Also ask how likely it is to occur. For instance, if you're concerned that you won't have enough time in the schedule to incorporate everything requested, what problems might it cause whoever will be using the product, system, or solution? Are those chances fairly high? Describing these concerns can help everyone on your team agree on just how serious that potential risk is.

Example: Your relatives might arrive while the work is still in progress, and the kitchen will be unusable. Also, if you bow to the pressure to hurry, the quality of the work may be low. Both of these problems are likely if your family members try doing the work themselves, since they’re not skilled in home improvements.

2. Give each identified risk a “potential impact” score or rating.

You can give each risk a High Impact, Medium Impact, Low Impact, or No Impact score, based on simple numbers you can derive easily. One way is to assign relative values to the negative impact a risk may have on the project cost, schedule, quality, and features — with a different value possible for each of these four areas. For example, a high negative impact might be a 9, a medium impact a 5, a low impact a 1, and no impact a zero.

Example: Your kitchen redecorating project might earn scores like those below.

Cost - You estimate that by doing the work yourselves, you’ll possibly reduce costs (if you don’t botch the job). So your "Too Many Features/Too Little Time" risk might have a medium negative impact on cost, for a score of 5.

Schedule - Since you feel backed into an almost unworkable time frame, you expect a high negative impact on schedule, for a score of 9.

Quality - Because you expect to rush through the project, you anticipate a high negative impact on quality, for a score of 9.

Total score is 32Features - Some features probably can’t be completed, regardless of how fast you go. You foresee a high negative impact on features, for a score of 9.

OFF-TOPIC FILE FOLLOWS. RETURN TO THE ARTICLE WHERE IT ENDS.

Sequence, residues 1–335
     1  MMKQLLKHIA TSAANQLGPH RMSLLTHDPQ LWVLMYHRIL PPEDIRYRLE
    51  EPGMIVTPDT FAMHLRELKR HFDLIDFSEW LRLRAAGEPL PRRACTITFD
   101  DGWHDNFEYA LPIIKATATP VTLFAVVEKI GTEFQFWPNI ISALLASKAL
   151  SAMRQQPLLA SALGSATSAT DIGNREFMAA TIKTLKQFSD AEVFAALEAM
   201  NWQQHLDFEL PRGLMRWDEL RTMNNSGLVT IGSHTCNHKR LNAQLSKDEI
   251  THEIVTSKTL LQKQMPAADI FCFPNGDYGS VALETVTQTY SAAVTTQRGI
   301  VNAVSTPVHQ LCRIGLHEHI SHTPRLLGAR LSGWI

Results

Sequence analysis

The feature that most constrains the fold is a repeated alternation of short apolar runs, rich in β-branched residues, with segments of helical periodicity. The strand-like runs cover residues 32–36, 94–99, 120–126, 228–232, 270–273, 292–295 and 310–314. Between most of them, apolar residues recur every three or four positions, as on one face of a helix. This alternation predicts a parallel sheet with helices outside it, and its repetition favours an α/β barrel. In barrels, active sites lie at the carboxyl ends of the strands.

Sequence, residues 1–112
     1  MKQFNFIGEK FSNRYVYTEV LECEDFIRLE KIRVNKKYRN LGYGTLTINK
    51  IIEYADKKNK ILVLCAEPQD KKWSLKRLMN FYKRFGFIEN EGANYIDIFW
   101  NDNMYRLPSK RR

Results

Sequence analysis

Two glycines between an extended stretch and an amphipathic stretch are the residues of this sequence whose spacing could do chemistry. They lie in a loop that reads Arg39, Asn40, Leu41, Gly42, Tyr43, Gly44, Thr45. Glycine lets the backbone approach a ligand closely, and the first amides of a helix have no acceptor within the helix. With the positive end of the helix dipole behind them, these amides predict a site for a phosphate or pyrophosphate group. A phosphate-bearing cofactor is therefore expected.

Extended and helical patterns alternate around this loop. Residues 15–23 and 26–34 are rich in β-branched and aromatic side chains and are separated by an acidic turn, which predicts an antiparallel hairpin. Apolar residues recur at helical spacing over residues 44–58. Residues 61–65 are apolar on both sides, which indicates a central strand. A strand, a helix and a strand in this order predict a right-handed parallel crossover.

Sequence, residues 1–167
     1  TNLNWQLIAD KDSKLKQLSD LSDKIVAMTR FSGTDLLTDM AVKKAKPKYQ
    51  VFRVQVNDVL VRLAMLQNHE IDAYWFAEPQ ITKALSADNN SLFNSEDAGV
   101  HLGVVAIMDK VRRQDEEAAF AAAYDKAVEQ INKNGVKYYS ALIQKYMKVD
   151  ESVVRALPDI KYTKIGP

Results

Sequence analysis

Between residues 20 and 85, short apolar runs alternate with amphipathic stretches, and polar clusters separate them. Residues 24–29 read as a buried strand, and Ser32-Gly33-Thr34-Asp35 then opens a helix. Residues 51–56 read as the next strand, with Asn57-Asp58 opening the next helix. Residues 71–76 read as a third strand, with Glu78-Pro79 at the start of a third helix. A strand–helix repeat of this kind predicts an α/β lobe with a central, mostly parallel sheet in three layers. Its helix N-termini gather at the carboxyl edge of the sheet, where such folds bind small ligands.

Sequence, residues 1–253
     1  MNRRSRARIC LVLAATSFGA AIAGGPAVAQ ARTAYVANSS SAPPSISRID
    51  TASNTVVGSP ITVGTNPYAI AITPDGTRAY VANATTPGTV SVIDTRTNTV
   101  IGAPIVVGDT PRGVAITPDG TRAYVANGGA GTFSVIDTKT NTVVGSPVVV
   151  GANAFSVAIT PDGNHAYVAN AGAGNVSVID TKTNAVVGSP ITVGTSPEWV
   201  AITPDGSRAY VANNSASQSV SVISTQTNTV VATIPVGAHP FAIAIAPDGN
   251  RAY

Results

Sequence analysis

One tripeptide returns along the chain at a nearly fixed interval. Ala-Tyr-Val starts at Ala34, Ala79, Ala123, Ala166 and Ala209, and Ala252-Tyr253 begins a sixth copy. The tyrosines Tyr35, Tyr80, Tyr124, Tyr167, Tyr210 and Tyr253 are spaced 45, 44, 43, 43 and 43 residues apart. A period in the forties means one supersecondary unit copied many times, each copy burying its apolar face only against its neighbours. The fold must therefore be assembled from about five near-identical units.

The total score for all four areas in this example is 32, very close to the maximum. When you complete the process for any other risks you identified, you can compare this score with the others to see which risks are of greatest concern. You can then determine the priority order in which to mitigate them.

When you are finished with this phase, you’ll have a set of named and assessed risks. Following this, Part 4 in the series will explain how to brainstorm ways to avoid, eliminate, work around, or otherwise mitigate each risk.

To download the related worksheet, click here.

About the Author

Adele Sommers, Ph.D. is author of “Straight Talk on Boosting Business Performance: 12 Ways to Profit from Hidden Potential.” To learn more about her book and sign up for more free tips like these, visit her site at www.LearnShareProsper.com

This article may be distributed freely on your Web site, as long as this entire article, including the links and full “About the Author” section, are unchanged. Please send a copy of, or link to, your “reprint” to Adele@LearnShareProsper.com.

Copyright 2005 Adele Sommers, The Enterprise Prosperity Guild, All Rights Reserved.

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Adele Sommers

Adele Sommers, Ph.D.